This is a classic case of an idea in the lab not working in the real world because the people who would buy it don't actually make the choices that the developer thinks. Ford would have done well to actually think about commercial value and use cases before diving in and engineering clever telematics and stupid apps. Then they could have used a Lean Startup method to try it out for real. Not as glitzy but so much better!

Value hypothesis first, Ford. Henry wouldn't have been happy.

iPhones-only at the clubhouse: Sony snatches defeat from jaws of victory

It would be fair to say that I significantly overestimated Google's ability to kickstart a successful market for connected eyewear in 2014. I was therefore fascinated to see how Sony, that long dormant tech giant, would do with their belated take on the category. After all they remain imaging experts.


Smarteyeglass Attach, developed by former Sony Ericsson engineers in Sweden, does what it says on the tin. It turns a normal set of spectacles into a smart set that can display data into the user's eye line by way of a tiny screen. It isn't a particularly elegent device, being nearly 3 times the size of Glass, but it's nothing like as cumbersome as the initial advertising videos suggest. For occasional use it'd be fine.

Sony had two demos, one of a game of tennis, the other cycling. The latter was the more obviously useful. A map with directions, speed and direction data are displayed dynamically as the demo rolls through. Although you do have to look quite far to the right and up to see the screen, the imagine was very sharp and clear in artificial light. Better than Google Glass, in my opinion. 

In fact, I could see the combination of being able to attach to any frame and a big manufacturer brand being an attractive one. We don't know the pricing yet, which is a concern. At £200 it would be attractive. At £400 it's not.

But here's the rub, and the real problem with both this and Sony's other fitness and lifestyle IoT devices. You need an Experia phone to use the Attach. And let's be frank, who has one of those? Particularly in the apparent target market of cycling, golf and tennis enthusiasts.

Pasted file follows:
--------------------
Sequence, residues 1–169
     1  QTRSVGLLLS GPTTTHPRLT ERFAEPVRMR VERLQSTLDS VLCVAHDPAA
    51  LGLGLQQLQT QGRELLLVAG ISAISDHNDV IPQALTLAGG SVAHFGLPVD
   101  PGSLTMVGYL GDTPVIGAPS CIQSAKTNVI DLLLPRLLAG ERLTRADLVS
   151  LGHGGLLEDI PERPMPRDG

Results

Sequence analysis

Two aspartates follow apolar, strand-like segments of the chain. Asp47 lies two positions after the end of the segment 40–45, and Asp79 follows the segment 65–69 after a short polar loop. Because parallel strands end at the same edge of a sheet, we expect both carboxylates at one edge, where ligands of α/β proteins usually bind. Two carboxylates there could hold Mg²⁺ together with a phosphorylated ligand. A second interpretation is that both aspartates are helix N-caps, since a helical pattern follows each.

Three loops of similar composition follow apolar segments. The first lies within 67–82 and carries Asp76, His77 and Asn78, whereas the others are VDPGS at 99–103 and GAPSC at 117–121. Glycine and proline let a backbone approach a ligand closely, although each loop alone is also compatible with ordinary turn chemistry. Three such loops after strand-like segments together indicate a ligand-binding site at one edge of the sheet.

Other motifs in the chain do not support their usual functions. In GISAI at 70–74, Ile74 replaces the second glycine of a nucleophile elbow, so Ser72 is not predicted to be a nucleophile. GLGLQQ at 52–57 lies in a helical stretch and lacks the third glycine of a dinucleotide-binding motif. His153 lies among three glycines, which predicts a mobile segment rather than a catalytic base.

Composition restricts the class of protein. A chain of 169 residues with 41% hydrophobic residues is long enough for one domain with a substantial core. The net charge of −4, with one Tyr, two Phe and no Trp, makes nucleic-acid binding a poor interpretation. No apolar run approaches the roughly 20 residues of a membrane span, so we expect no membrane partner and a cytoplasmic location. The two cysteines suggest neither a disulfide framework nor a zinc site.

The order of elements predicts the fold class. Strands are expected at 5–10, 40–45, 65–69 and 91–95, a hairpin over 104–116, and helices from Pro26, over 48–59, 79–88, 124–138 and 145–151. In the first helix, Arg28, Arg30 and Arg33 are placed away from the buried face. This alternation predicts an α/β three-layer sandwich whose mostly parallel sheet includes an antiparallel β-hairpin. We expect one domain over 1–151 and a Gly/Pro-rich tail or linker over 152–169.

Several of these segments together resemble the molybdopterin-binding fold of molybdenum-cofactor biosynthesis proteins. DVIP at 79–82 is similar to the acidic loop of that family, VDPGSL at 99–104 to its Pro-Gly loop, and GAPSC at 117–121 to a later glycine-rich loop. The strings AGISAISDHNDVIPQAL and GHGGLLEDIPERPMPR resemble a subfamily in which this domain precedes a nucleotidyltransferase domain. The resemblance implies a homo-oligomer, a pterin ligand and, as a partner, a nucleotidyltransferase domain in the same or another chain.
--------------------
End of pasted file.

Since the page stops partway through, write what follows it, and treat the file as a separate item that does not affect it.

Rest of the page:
That's right: no one.* iPhones only at the clubhouse, gents. So long as Sony persist with their dwarf locked ecosystem all of this technology is wasted. Which in the case of the Smarteyeglass Attach is a shame.

* this may not be factually correct :)

Is this Microsoft's real way back into mobile?

I've been watching Microsoft win real interest in 2015. They've got tech journos salivating with clever augmented reality technology, made Windows free, brought office to iOS and Android and launched a major ad campaign based on the superiority of the Cortana virtual assistant. 

But one thing that's gone under the radar is the launch of the Lumia 435, a new smartphone targeting first time smartphone users and upgraders in less wealthy segments. In the UK is retails at just £70 without a contract. I spent some time with the device at MWC and was very impressed with the experience. 

Physically the demo units all sported rather garish luminous plastic backs and have a screen about the size of that in the original iPhone. It's thick and rather sharp edged next to the zeitgeist devices of today, but is still a fun, coherent package. The OS is Windows - for those of you haven't used the mobile version of this OS, that means scrolling down through tiles of various sizes rather than clicking icons and navigating between pages filled with them. I like it. It's simple and intuitive in a way that Android isn't.

So despite the price point, the 435 is very slick to use. There was no spec sheet to compare with the Asian horsepower brutes elsewhere, however you still wouldn't need to worry about speed if you were using this, unlike any other device I've ever used at the price point. There's a camera with lots of complicated settings too. It takes average photos and struggled with lens flare in the bright lights of the event... But at this price point it was still better than decent. Fiddling with settings would probably help fix some of the issues.

Bundled with ONE TERABYTE of cloud storage (seriously, is any user of a £70 ever going to need that much right now?) and a year of Office 365, this is an amazing value package for domestic and business users... With the slight challenge of a still weak app environment.

But there's so much in the package that I am beginning to see what Microsoft saw in Nokia, long masters of the high quality budget device. This has the potential to be a seriously disruptive product in the sense that it undercuts and outclasses the generic Android clones in the market, particularly in terms of core software bundle. I even wonder whether this joyful, cheap little phone will be more important than all the high technology MS are pushing at the top end. Win a generation of kids and emerging middle class and the chances of long term victory are good for resurgent Microsoft. 

If you think this unlikely, remember that in the late '90's we bought Apple would never be cool again...